Hello, dear internet friends,
It’s a gray, rainy day as I write this. The kind of day that makes you want to curl up with a blanket on the couch and zone out with a book or TV show. Admittedly, I’m feeling extra-inclined to succumb to the sofa because that’s where I’ve been all week. I’ve been feeling under the weather, and for me, the hardest part of being sick is usually not the day (or days) I feel the worst—when it very much makes sense to snuggle up and do nothing—it’s the transitional period at the end. When I’m feeling better enough that I know it’s time to resume some of my normal activities, but I still haven’t recovered my usual level of energy. There’s an inertia to being sick that I find very hard to break. But the only way to do it… is to do it. Get dressed, have some coffee, and—to whatever degree is reasonable, given the circumstances—start acting like I’m feeling better. That’s what I’m doing right now, and I have to admit, while I’m not feeling 100% recovered yet, I’m feeling better than I would have predicted when I woke up this morning.
A couple months ago, I wrote about my “ghost” self, or the so-called “perfect” version of me that I have often measured myself against in my mind. Ever since then, I have been thinking about how we can reduce the shadow such comparisons cast over our lives, and two words have kept repeating in my mind: “behavioral activation.” To note, behavioral activation is a psychology concept—specifically, a treatment approach that can be utilized in therapy; you can learn more about it here—and I am not a therapist. But what it means to me is that the actions we choose can have a profoundly positive impact on our mood. Emotions can be incredibly sticky; patterns of thought, even more so. It can also feel really hard to choose a behavior that seems contrary to our current mood state. But doing so can often have an outsized positive impact, at least in my experience. No matter how down I’m feeling, mo matter how swamped in a negative thought cycle I am, if I have plans to hang out with friends or family, I never cancel. I don’t like to break commitments I’ve made, but I also know that spending time with those I care about always makes me feel better. I don’t even need to bring up what’s on my mind. In fact, I think it’s generally better that I don’t, unless of course the explicit purpose of getting together was seeking support. Getting out of my head and focused on those around me is enough to lift my spirits. It may not solve the underlying problem—if one even exists—but it certainly puts me in a better mindset for dealing with it later.
So, a little positive action can help transform a bad mood. It can help with getting through those lingering last days of sickness. Could it even help with defeating our ghosts, with overcoming the voices that tell us we’re not good enough? Because you can’t easily think your way out of those challenges, at least in my experience. I logically understand how unhelpful and, more importantly, unkind it is to compare myself to some idealized version of me. I know that I haven’t gained anything from the comparison. In fact, I think there have been many times I was so stuck on being just like her, I lost the opportunity to come up with real, creative solutions for overcoming challenges and achieving my goals. I was too fixated on following the “perfect” path she laid out. I know all of that, but still, she’s hard to get rid of. She does a very good impression of me, and sometimes, I mistake her thoughts for my own.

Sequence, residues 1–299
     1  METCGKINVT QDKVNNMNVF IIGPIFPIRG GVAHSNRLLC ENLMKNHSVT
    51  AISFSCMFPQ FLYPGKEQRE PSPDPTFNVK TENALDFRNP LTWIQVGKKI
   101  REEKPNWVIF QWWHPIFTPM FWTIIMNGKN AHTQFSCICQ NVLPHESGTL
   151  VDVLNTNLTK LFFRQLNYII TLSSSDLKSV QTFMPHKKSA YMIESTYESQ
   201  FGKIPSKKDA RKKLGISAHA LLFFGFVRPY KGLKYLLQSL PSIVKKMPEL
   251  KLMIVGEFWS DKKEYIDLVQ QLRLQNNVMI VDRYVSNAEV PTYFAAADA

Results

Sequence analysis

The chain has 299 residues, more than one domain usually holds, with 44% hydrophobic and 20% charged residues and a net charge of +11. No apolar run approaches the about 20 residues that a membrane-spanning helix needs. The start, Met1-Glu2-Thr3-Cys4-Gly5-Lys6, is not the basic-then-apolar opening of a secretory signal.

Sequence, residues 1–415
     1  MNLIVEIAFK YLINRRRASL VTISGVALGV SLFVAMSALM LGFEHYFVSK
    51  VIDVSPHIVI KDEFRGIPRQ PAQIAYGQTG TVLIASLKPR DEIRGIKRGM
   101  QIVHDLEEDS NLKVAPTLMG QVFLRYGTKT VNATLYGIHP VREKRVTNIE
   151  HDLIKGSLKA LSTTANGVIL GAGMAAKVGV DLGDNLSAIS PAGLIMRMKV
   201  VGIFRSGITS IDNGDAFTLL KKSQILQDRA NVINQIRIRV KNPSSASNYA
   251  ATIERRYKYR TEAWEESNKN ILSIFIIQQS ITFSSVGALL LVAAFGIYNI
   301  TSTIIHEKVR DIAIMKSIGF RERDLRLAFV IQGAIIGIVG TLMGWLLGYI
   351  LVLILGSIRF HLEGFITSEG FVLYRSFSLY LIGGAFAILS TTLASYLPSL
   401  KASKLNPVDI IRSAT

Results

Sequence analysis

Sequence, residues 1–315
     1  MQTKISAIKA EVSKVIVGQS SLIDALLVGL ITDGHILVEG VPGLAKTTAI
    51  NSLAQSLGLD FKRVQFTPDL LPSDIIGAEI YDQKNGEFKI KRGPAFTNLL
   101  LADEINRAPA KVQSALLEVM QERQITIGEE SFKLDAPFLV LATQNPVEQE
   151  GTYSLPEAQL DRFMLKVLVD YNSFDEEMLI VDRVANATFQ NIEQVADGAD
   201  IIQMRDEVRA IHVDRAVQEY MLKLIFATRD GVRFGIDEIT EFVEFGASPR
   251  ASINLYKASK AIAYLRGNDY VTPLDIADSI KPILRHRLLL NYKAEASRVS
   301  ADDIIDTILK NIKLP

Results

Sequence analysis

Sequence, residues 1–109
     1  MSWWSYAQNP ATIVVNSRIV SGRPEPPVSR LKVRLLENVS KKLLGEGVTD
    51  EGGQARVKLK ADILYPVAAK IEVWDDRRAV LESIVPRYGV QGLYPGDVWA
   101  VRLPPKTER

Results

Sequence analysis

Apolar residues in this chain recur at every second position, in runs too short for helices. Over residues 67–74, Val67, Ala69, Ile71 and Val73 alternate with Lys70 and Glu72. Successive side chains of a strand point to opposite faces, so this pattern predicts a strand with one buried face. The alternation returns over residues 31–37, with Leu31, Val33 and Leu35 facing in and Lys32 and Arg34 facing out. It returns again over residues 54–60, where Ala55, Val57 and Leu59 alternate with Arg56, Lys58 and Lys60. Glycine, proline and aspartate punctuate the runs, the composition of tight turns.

The last couple months have given me an interesting opportunity to contend with my ghost self in new ways. At this point in my life, she’s mostly eased up about how I look, but she’s wildly more productive than me. And in the last couple months, I haven’t been able to be as productive—certainly not as much as her, but not even as much as I typically would be. I need to work slower. Do less. Take breaks. And what that’s made me realize is that not only do I not need to “earn” breaks or a slower pace, I don’t even need to fully convince myself that I deserve those things. I just need to give them to myself. I just need to take the action that I know is right for me, in the actual life I am really living. And I truly believe that if I can keep doing that, keep making the choices that are best for me even if they don’t look “perfect,” over time my ghost self will dissipate. She’s already looking a bit fainter to me.
It’s great when we can change our minds from the inside out. But sometimes, it’s a whole lot easier to act first and let our beliefs follow.
If any sort of negative self-belief has been haunting you lately, I hope you can think of one small step, one tiny action you can take this next month that would contradict it. Little by little, we can make big changes that way.
3 thoughts on “One Small Step”
Very accessible self-supportive advice. As always, nice job, Marie.
Marie, I just love your honesty and your ability to articulate your quest. Tell your mother on Mother’s Day what a great job she did.❣️